Radbourn is yet another 1800s player to die young, at the age of 42. Here’s the end of his life, according to Wikipedia, and as with everything in his life, it’s colorful: “After retiring, Radbourn opened up a successful billiard parlor and saloon in Bloomington, Illinois. Dating back to his playing days, he had always had a reputation for being a bit vain.
“Radbourn was seriously injured in a hunting accident soon after retirement, in which he lost an eye, spending most of his remaining years shut up in a back room of the saloon he owned, apparently too ashamed to be seen after the injury.
“Radbourn died in Bloomington in 1897 and was interred in Evergreen Cemetery. He was elected to the Baseball Hall of Fame in 1939. In 1941 a plaque was placed on the back of his elaborate headstone, detailing his distinguished career in baseball.”
30-16, 3.60 ERA, 177 K, .164, 1 HR, 15 RBI
1st Time All-Star-August “Gus” or “Cannonball” or “Rubber Arm Gun” or “Rubber-Winged Gus” Weyhing was born on September 29, 1866 in Louisville, KY or just a little bit before I started this sentence. How many nicknames does a person need? Weyhing is actually a victim of my fluky rules for the All-Star team, mainly the one which says “Every team must have a representative.” He could have already made the American Association All-Star team in 1887 and 1889, but was blocked by lesser representatives from teams which needed a player on the squad. Sorry, Gus or sorry, Cannonball or sorry, Rubber Arm Gun or sorry Rubber-Winged Gus.
Weyhing finished fourth in WAR (7.0) and fourth in WAR for pitchers (8.0) pitching 390 innings with a 3.60 ERA and a 123 ERA+. It was his third consecutive year of having an Adjusted ERA+ of 120 or more and his fourth consecutive season of 20 wins. I don’t know how to categorize it, but he might have the best previous career of a first-time All-Star representative ever.
Rubber Arm Gun’s previous years were spent with the American Association Philadelphia Athletics, from 1887-89. Ed Seward was the dominant pitcher in those years and he made the All-Star team in 1887 and 1888.
Here’s Wikipedia’s sum up of his pre-All-Star career: “Weyhing was a solid pitcher, though he never led the league in any specific categories. He did have a few career highlights, however. In one memorable week in the 1888 season, Weyhing pitched three consecutive complete game victories against Brooklyn to eliminate that team from the pennant race. In addition, Weyhing came close to throwing a perfect game when he hurled a no-hitter on July 31, 1888, against the Kansas City Cowboys. He walked one batter and another reached base via an error. He set the record for most hit baseman [with] 278.”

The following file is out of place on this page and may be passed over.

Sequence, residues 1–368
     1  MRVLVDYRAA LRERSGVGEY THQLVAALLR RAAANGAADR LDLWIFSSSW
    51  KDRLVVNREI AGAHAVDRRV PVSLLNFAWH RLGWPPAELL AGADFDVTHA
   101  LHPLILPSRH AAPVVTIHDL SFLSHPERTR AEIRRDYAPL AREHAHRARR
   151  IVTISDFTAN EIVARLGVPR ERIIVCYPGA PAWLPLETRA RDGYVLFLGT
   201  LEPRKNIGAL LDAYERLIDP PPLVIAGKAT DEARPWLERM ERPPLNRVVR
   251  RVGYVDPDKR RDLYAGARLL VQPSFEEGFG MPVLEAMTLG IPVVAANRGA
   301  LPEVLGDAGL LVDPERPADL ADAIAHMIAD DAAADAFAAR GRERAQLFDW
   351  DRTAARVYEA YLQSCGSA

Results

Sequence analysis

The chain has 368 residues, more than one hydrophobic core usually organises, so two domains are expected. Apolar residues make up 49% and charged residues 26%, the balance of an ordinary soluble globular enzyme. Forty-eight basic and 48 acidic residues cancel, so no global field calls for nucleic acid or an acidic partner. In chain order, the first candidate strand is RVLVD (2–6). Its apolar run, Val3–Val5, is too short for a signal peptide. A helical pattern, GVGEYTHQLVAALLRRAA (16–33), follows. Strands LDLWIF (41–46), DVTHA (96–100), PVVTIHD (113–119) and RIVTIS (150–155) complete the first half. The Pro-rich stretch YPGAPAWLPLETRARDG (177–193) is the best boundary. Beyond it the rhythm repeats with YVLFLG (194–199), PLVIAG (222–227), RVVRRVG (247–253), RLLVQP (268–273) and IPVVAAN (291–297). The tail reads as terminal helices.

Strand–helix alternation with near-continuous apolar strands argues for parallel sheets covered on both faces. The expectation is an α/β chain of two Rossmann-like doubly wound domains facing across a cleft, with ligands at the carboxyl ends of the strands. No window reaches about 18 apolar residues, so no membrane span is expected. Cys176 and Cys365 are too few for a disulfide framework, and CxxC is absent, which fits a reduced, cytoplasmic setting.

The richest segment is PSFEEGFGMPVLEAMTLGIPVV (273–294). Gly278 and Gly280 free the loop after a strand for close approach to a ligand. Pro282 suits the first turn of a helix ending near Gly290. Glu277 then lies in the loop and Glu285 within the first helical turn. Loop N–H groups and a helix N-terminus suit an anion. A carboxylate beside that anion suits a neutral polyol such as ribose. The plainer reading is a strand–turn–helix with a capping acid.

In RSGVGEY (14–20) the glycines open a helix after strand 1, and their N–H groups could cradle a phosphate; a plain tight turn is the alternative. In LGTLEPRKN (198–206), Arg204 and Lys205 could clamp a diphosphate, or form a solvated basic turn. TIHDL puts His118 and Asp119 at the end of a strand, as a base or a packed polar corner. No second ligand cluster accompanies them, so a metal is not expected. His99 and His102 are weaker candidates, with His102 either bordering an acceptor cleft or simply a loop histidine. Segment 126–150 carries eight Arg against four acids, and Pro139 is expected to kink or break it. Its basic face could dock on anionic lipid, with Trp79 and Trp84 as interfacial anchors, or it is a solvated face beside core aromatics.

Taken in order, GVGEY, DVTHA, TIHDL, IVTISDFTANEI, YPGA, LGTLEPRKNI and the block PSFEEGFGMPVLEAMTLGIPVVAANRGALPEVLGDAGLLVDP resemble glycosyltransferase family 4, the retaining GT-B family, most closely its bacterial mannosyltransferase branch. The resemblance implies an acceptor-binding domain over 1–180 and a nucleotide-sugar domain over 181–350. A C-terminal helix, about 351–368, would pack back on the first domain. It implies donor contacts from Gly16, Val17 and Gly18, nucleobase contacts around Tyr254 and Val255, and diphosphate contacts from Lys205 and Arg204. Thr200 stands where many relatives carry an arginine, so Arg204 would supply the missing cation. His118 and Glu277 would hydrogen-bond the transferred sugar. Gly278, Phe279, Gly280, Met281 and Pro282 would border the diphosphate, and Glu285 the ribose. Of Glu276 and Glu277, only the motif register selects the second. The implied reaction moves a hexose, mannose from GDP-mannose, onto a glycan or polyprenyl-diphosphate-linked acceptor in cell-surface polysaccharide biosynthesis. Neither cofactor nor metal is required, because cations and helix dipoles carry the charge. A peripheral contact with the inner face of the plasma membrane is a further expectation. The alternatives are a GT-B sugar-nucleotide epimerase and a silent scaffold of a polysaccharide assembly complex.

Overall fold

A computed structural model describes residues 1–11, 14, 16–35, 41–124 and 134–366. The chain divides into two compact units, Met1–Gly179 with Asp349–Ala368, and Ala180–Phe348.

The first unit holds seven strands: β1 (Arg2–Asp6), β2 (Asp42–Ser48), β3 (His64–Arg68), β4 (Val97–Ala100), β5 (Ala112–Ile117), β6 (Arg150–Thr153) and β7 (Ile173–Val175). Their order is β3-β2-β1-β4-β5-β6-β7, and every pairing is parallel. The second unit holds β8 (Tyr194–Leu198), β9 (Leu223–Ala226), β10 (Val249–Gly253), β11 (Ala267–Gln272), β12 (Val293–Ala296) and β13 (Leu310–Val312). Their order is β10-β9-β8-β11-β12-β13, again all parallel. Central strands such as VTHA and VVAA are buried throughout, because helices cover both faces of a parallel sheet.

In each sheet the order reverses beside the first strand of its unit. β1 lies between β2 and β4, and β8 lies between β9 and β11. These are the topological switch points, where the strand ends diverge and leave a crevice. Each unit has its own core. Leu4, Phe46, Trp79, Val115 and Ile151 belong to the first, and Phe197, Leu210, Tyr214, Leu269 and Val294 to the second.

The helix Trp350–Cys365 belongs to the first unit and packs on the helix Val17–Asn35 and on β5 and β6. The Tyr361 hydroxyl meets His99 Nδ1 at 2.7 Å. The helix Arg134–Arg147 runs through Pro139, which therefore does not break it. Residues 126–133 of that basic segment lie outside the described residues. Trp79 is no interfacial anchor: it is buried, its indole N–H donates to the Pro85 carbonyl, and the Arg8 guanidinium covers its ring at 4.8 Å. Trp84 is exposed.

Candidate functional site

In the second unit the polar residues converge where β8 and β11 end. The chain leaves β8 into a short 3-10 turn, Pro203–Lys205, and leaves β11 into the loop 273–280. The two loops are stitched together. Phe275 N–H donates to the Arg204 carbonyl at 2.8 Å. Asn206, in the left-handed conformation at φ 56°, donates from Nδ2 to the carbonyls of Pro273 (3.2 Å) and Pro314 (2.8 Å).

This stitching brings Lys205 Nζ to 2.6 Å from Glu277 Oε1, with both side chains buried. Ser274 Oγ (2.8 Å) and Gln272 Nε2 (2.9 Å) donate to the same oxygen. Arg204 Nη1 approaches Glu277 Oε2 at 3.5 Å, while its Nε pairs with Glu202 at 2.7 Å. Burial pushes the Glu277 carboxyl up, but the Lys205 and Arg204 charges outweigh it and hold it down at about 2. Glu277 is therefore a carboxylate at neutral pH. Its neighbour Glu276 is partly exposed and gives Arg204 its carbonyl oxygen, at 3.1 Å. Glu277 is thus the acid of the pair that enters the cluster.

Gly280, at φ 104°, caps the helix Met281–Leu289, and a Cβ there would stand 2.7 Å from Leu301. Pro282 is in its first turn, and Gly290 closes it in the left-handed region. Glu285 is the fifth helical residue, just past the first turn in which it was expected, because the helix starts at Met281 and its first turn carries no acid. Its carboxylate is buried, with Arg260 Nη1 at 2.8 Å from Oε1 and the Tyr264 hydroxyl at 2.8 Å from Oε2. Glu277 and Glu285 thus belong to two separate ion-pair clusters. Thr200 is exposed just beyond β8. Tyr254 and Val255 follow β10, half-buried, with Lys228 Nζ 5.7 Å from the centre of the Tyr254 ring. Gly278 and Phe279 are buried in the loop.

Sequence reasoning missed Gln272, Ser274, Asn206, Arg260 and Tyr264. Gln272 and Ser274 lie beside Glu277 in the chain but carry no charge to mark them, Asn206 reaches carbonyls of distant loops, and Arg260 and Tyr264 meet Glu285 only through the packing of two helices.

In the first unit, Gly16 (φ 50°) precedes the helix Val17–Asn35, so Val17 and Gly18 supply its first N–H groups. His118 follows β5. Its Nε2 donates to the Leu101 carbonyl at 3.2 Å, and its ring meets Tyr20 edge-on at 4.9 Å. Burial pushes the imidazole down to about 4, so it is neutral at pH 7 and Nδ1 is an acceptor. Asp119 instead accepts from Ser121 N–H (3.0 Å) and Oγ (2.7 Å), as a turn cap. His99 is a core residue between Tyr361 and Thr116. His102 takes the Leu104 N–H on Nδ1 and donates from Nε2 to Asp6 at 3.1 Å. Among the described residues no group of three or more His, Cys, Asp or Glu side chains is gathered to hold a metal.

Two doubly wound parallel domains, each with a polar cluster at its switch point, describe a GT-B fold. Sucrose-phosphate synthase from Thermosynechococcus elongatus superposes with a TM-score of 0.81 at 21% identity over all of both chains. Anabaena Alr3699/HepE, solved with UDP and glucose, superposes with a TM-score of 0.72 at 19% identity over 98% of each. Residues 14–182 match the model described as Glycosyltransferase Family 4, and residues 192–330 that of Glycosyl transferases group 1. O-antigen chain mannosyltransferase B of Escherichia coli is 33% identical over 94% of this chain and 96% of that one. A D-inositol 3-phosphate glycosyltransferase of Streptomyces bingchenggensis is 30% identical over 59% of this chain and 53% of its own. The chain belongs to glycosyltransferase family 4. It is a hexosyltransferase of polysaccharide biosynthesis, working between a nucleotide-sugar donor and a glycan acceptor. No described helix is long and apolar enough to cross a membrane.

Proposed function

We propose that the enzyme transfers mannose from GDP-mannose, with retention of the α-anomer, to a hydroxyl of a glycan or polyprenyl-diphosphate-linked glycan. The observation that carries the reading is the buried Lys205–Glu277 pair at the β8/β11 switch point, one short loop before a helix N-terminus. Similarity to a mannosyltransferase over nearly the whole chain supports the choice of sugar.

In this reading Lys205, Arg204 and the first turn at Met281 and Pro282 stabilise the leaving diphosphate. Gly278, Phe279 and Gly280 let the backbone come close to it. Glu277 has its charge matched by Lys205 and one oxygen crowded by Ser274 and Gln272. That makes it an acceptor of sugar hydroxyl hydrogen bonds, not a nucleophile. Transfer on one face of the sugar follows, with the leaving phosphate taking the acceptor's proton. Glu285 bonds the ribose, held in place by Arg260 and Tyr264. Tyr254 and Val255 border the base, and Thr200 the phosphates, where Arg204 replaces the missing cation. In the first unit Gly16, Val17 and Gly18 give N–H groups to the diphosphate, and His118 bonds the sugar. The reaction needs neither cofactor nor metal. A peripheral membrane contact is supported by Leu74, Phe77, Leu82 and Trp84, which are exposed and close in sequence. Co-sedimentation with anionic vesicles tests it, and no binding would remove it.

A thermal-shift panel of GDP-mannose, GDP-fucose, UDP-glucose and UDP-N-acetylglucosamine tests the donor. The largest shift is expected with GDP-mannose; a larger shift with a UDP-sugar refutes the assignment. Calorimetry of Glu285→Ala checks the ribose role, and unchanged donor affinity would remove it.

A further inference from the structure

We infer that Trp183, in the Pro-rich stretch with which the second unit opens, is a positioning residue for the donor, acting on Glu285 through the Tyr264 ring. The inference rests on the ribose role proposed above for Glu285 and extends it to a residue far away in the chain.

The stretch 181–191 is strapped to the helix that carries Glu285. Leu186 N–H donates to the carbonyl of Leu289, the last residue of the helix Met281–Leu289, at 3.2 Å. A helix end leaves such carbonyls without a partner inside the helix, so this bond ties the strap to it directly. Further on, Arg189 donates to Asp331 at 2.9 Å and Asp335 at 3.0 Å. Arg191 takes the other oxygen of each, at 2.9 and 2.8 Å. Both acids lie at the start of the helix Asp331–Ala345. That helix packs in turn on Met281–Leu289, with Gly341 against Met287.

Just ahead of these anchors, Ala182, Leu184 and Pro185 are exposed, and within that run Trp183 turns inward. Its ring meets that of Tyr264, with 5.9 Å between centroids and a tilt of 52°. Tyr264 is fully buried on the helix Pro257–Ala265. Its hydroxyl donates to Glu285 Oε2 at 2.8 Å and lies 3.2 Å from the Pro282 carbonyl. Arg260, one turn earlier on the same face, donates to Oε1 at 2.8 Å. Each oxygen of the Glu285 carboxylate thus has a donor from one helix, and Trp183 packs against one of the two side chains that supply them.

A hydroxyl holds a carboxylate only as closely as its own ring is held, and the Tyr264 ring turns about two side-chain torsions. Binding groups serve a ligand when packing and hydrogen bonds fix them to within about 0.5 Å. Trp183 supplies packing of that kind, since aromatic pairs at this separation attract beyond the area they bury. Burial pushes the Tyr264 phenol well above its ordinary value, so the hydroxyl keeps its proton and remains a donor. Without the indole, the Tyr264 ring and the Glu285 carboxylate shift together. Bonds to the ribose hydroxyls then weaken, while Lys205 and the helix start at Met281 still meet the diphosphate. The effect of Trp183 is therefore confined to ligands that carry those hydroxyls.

19-18, 3.76 ERA, 107 K, .312, 0 HR, 30 RBI
3rd Time All-Star-“Big Ben [TM]” made his third consecutive All-Star team, and most likely his last, finishing sixth in WAR (5.7) and seventh in WAR for Pitchers (4.7). His hitting, as always, added a lot of value to his season. On the mound, he pitched 346 2/3 innings with a 3.76 ERA and a 115 ERA+ while at the dish, he slashed .312/.347/.407 for an OPS+ of 98. Not great, but certainly fantastic for a pitcher.
As for the Athletics…Before I go there, how many Philadelphia baseball teams were called the Athletics? There was the 1871-75 National Association team, 1876 National League team, the 1882-90 American Association team, the 1890-91 Players League/AA team, and later, the 1901-50 American League team. These Athletics named themselves the Athletics despite the AA already having a team called the Athletics. I’m glad the city had more creativity when coming up with the Declaration of Independence.
Sanders would finish his career with the Athletics when they moved to the AA in 1891 and then pitched his final year at the age of 27 with the NL Louisville Colonels. Wikipedia says, “He finished his career with the Louisville Colonels of the National League, playing his final game on October 14, 1892. He had a record of 12-19, but on August 22, 1892, he pitched a no-hitter against the Baltimore Orioles, a 6–2 victory, the first no-hitter in the National League which the losing team in a no-hitter scored at least one run.”
21-25, 3.23 ERA, 145 K, .207, 1 HR, 25 RBI
Walks & Hits per IP-1.202
Bases on Balls per 9 IP-1.718
Strikeouts/Base on Balls-1.960
Fielding Independent Pitching-2.99 (2nd Time)
1st Time All-Star-Henry Eli “Harry” Staley was born on November 3, 1866 in Jacksonville, IL. He started his career with the National League Pittsburgh Alleghenys in 1888 and 1889, before moving over to the Players League this season. He finished eighth in WAR (5.3) and fifth in WAR for Pitchers (5.2), pitching 387 2/3 innings with a 3.23 ERA (second in the league to Silver King) and a 122 ERA+. He most likely has one more All-Star team left in his arm.
Hall of Fame Manager Ned Hanlon guided the Burghers (awesome!) to a 60-68 sixth place finish, 20-and-a-half games out of first, in their only season of existence.